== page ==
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Monday, August 29, 2016, 18:26

IS claims Yemen bombing that killed 65

By Xinhua

IS claims Yemen bombing that killed 65
This July 1, 2016 photo shows Yemenis inspecting a charred vehicle following a suicide car bombing that targeted the convoy of Aden's governor, in the southern city of Aden. A suicide bomber targeted an army recruiting compound in the city, Aug 29, 2016, killing at least 65, according to Yemeni officials. (Photo/AFP)

ADEN – The Islamic State (IS) claimed responsibility for a suicide bombing that struck an army recruiting center in Yemen's southern port city of Aden on Monday, which killed at least 65 and injured more than 80 others.

The claim came in a short statement posted on Twitter by the group's semi-official Amaq news agency.

The agency, affiliated with the IS, claimed that the attack conducted by a jihadist fighter killed about 60 new recruits.

Medical sources in Aden told Xinhua the death toll has risen to about 65 and that more than 80 others were injured in the attack.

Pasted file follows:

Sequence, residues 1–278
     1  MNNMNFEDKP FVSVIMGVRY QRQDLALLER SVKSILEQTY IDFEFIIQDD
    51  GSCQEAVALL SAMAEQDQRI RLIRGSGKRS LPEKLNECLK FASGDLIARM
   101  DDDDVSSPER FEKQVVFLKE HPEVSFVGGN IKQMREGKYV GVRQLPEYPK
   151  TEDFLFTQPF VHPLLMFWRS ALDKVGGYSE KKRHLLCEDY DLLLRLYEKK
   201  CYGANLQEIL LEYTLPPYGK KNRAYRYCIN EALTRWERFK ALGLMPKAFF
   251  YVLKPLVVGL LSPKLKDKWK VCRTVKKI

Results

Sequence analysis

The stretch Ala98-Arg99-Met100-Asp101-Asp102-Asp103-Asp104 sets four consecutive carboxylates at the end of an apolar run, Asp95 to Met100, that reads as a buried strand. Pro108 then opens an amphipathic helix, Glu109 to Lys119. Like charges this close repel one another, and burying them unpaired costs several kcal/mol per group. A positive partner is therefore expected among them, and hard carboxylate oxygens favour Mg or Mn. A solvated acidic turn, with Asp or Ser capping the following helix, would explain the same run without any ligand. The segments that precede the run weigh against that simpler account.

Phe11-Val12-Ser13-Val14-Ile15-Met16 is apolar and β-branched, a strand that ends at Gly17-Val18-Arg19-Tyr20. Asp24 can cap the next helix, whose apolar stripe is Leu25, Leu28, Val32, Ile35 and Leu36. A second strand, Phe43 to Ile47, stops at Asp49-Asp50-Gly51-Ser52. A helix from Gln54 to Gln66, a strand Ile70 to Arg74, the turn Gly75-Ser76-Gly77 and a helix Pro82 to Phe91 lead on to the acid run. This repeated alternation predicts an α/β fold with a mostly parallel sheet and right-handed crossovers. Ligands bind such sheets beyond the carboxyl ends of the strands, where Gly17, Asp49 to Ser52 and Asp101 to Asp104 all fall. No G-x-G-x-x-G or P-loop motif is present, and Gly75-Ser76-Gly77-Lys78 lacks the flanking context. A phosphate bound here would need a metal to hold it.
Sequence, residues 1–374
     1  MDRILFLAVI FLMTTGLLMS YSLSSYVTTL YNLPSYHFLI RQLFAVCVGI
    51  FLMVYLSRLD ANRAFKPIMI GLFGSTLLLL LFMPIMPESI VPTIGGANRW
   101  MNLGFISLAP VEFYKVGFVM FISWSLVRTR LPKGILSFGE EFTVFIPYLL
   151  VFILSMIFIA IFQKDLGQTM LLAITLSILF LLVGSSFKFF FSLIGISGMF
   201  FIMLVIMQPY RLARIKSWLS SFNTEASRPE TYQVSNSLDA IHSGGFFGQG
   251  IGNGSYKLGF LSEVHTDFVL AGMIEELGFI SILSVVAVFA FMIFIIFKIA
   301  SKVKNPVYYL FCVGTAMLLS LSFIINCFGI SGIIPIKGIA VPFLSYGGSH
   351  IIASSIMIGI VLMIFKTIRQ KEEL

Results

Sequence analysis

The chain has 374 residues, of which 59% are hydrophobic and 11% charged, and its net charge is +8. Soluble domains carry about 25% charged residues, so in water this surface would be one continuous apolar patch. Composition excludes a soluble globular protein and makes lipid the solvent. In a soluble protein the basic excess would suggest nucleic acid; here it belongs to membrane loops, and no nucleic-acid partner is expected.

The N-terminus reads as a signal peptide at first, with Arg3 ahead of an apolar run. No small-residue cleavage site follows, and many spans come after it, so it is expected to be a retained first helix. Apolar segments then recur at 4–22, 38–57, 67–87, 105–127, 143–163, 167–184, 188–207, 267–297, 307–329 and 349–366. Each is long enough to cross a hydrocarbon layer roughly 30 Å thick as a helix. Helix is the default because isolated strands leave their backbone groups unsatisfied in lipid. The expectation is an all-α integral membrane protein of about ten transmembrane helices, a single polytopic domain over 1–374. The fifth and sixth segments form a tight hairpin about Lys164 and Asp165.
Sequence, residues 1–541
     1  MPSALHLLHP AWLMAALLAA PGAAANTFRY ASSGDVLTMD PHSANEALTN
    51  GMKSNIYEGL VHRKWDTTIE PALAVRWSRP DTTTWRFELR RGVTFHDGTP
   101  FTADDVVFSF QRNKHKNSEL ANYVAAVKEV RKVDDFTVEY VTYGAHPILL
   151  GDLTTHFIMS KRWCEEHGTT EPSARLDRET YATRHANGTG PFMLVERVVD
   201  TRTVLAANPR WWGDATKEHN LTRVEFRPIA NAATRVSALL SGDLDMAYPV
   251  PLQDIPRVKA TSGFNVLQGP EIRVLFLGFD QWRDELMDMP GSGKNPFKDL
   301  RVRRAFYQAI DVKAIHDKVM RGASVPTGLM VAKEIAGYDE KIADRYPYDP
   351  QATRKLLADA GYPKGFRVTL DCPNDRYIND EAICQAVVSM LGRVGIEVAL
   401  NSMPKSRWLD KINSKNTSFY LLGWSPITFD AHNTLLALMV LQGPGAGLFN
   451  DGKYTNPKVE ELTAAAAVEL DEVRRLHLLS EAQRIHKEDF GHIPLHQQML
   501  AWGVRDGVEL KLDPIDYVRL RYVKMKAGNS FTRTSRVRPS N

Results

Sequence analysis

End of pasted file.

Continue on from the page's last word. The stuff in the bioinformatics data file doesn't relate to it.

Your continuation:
Earlier in the day, the medical charity Medicins Sans Frontieres said on Twitter that its hospital in Aden received 45 dead and at least 60 wounded from suicide blast.

Aden-based security sources said that a suicide bomber slammed his explosives-laden car into a gathering of army recruits near a school in Aden's Mansourah neighborhood.

The source said that the explosion took place at the school's courtyard where hundreds of army recruits gathered.

The targeted army recruits joining a pro-government force that will be moved toward the Saudi border, the source said on condition of anonymity.   On Sunday, high-ranking pro-government officials confirmed to Xinhua that they are planning to recruit and train more than 5,000 young fighters from the government-controlled southern provinces to join the fighting with the Saudi Border Guard Forces against Houthi rebels.

Yemen, an impoverished Arab country, has been gripped by one of the most active insurgencies in the Middle East.

Militant extremists took advantage of the current security vacuum and the ongoing civil war to expand its influence and seize more territories in southern Yemen.

Security in Yemen has deteriorated since March 2015, when war broke out between the Shiite Houthi group, supported by former President Ali Abdullash Saleh, and the government backed by a Saudi-led Arab coalition.

More than 6,400 people have been killed in ground battles and airstrikes since then, half of them civilians.

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